position final = 0 km
    position initial = 100km

    I am pretty sure I can calculate velocity now with the given information, but I don't know what equation to use. Any help?
  8. Nov 18, 2006 #7


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    You can't use a constant acceleration of 9.80 m/s^2 since this is is only a good approximation if one stays relatively close to the surface of the planet. You have to use conservation of energy but with the formula [tex] -G {m M_{earth} \over r}[/tex] for the gravitational potential energy (instead of the usual mgy, or mgh).
  9. Nov 18, 2006 #8
    well if the shuttle is entering earth's atmosphere and descending closer to earth, why can't I use that?
  10. Nov 18, 2006 #9
    any more ideas?
  11. Nov 19, 2006 #10


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    at 100 km up

    [tex]g_{100} = \frac{GM}{R_{100} ^2} = 9.53 m/s^2[/tex]

    that plus the drag on the shuttle will increase as its downwards speed increases.

    for the shuttle to start its downwards descent it is neccessary to slow its orbital speed (tangential speed) down by firing retro thrusters. The gravity of the earth will then start to pull it inwards.
    Last edited: Nov 19, 2006
  12. Nov 19, 2006 #11
    ok so if i use that for the accleration, i'm going to use a spreadsheet to calculate the acceleration as i get closer to earth, then i can calculate the velocity with the equation

    vf^2=v0^2 + 2 * acceleration * (distance final - distance initial)

    At 100km I get 6174.14m/s. This doesn't include the drag force though. So would I add the force of drag to that? That's not a velocity though. How would you calculate that in?
  13. Nov 21, 2006 #12


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    I think it is too much of a simplification to assume that the shuttle is falling like a stone to earth.

    Before the shuttle starts its downward descent back to the earth it is in orbit around it. Then they apply the brakes a bit (or let the drag take over by not vectoring the thrusters every now and then) so that their orbital velocity decreases.

    This cause the shuttle to move closer to earth since its orbital speed is not large enough to keep it from falling around the earth any more.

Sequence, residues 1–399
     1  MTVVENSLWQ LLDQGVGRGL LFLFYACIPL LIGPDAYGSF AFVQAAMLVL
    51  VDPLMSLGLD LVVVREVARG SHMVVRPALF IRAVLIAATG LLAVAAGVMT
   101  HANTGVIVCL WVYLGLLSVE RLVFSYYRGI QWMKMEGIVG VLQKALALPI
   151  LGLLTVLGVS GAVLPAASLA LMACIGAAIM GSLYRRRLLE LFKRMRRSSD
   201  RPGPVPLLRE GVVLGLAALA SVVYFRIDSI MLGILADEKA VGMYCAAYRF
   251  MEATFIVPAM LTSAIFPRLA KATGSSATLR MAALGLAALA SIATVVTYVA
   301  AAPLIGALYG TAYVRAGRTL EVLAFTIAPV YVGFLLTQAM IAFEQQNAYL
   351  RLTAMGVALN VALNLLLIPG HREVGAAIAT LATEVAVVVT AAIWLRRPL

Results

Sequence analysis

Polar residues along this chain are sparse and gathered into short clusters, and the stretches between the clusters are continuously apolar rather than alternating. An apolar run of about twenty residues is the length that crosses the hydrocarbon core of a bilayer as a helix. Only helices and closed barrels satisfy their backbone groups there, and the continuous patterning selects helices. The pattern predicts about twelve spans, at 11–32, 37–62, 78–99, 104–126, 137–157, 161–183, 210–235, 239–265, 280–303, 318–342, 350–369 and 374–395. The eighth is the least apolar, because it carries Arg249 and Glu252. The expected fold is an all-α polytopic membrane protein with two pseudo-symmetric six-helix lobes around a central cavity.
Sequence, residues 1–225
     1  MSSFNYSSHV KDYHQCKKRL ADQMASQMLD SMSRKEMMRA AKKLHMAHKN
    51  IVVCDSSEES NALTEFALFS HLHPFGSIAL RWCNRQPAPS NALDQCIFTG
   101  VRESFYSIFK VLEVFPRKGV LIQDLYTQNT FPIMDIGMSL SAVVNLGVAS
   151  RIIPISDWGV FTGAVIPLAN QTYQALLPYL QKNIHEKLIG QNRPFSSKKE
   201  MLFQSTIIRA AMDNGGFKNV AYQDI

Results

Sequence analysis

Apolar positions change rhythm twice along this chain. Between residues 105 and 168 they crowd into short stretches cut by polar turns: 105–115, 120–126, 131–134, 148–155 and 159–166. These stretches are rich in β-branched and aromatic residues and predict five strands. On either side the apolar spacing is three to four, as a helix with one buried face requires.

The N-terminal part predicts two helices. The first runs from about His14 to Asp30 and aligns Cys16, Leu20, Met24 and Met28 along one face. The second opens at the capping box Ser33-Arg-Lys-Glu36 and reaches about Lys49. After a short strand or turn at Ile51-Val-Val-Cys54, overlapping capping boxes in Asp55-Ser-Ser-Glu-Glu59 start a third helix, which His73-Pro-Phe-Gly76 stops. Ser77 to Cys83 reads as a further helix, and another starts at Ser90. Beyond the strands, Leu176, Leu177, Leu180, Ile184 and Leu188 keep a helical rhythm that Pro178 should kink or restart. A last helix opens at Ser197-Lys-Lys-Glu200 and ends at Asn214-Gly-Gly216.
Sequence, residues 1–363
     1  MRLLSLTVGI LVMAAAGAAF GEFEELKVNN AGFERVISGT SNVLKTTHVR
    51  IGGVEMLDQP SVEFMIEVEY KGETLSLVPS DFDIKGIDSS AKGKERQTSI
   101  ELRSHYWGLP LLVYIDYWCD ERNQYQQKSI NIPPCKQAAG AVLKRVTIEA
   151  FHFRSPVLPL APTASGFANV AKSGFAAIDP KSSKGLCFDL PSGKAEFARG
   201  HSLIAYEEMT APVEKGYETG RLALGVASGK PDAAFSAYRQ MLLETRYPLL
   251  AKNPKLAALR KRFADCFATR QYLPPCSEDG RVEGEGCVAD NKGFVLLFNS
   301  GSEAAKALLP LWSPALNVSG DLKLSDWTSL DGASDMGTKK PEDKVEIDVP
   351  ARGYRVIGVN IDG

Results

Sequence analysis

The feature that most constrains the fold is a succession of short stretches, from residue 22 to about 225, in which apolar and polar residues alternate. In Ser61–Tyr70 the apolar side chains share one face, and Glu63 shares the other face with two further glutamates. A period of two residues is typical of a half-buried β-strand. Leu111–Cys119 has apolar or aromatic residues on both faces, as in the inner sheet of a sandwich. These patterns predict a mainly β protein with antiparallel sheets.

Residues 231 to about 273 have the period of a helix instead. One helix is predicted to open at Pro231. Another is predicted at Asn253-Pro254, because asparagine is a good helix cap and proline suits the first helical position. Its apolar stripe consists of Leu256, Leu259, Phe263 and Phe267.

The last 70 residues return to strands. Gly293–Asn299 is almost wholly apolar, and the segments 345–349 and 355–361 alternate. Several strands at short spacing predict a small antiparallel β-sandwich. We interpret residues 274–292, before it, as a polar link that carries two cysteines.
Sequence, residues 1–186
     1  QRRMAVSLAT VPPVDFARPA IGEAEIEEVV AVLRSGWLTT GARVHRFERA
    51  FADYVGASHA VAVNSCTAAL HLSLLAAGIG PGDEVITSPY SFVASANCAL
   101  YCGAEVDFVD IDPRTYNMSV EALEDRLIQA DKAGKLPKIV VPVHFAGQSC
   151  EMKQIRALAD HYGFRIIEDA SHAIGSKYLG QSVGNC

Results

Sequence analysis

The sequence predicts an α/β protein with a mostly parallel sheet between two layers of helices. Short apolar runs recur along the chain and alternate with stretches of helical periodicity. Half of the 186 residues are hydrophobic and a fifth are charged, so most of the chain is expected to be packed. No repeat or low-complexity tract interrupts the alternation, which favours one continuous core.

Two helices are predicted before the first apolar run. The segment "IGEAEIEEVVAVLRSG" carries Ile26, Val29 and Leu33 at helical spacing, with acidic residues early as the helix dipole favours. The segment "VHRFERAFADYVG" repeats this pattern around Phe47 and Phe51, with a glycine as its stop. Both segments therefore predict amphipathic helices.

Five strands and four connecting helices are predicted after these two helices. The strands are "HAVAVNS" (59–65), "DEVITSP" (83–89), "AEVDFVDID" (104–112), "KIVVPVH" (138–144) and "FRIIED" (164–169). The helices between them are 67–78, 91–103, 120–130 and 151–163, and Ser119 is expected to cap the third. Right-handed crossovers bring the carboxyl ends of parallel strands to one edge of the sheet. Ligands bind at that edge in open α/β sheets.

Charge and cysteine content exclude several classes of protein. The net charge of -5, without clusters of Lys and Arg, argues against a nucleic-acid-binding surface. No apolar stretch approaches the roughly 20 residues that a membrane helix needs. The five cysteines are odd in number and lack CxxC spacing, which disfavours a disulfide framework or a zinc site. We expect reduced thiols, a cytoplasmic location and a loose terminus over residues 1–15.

On their way downwards their speed will increase drastically as they spiral around the earth (conversion of potential energy to kinetic energy).

    In order to decrease their forward speed they raise the nose of the shuttle slightly. This will increase the drag and keep their speed in control. Unfortunately this heats the shuttle up due to the friction of the atmosphere on its shell. A similar situation arises with the brakes on formula one cars. The brakes heat up when they are applied. In this case air flow over the discs cools them down again. With the shuttle the region that can be cooled down is not exposed so much to the air current, which leads to serious heat build-up (heat is radiated away by the tiles though, so according to my logic the tiles should be black on top in order to increase the radiation loss as much as possible).

    You could look at it this way: The shuttle is experiencing two forces one towards the centre of the earth and one opposing its direction of motion (velocity). The shuttle will therefore have two acceleration components - one caused by the drag and one by gravitation attraction of the earth. The drag force is not necessarily perpendicular to the gravitational force (the shuttle is falling down while it is moving forward). This means that the drag can be dissolved into two components - one upwards (opposing the downwards fall) and one decreasing its forward motion.

    So try the same trick as with projectile motion. Split the motion into two components - one towards the centre of the earth (falling downwards) and the other perpendicular to this direction and think of the eath as a flat plane with the shuttle approaching it at a downwards angle. The complication is just that both forces are not constant, so the acceleration in both directions changes during the motion.
    Last edited: Nov 21, 2006
  14. Nov 21, 2006 #13
    Ok now that makes a lot more sense. Thanks! :)